Some vehicles are stolen or hijacked for a specific market. For example, four-wheel drive vehicles and pick-ups are, in many cases, stolen or robbed specifically for the export market to African countries. Mini-buses are stolen and hijacked for the internal taxi market and second-hand parts market.
In some instances, vehicles are hijacked or stolen for their freight. The generally higher recovery rate in South Africa for trucks indicates that the goods rather than the vehicles are being targeted.
The risk for a specific model of vehicle in an area in which a vehicle is used is also influenced by the proximity of the intended market. For example, four-wheel drive vehicles will be at higher risk, if used in areas near a border. It will be quicker and of less risk for the criminal to take the vehicle over the border than to transport the vehicle from other areas. Other vehicles, for example, light delivery vehicles and light passenger vehicles will be in high demand and at high risk in the bigger cities.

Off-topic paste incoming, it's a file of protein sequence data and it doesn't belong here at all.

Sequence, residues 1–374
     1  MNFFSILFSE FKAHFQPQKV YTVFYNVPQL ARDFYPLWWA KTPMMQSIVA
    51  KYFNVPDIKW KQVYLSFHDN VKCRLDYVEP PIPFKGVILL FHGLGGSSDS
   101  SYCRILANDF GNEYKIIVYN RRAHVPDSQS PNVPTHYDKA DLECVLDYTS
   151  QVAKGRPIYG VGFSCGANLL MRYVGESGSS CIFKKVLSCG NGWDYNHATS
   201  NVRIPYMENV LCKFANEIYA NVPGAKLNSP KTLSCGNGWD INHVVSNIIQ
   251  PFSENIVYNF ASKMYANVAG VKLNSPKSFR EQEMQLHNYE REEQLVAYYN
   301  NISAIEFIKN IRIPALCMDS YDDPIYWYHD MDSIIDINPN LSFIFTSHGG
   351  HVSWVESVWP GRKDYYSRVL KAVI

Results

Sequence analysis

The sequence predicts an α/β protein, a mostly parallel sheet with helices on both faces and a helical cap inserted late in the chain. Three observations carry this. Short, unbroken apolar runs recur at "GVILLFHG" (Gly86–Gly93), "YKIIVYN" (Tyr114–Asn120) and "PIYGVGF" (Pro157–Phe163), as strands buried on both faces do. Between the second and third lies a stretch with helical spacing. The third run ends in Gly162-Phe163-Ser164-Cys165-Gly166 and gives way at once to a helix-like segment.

“The above-mentioned facts should be taken into consideration when buying a new or used vehicle. Although it might not necessarily influence the final decision when buying a vehicle, it should be used to manage the risk associated with the vehicle,” he advises.
It is further recommended that the following should be considered:
• Never buy a vehicle without the eNaTIS registration certificate and never buy an unlicensed vehicle. Check the information, especially the VIN, engine number, make, model and colour on both the registration certificate and licence disc. Make sure that the information on the two certificates corresponds and that it is the same as the information on the vehicle. Check for spelling mistakes on the certificates (especially with regard to Afrikaans spelling). Any such obvious mistakes would suggest the likelihood of a fraudulent transaction.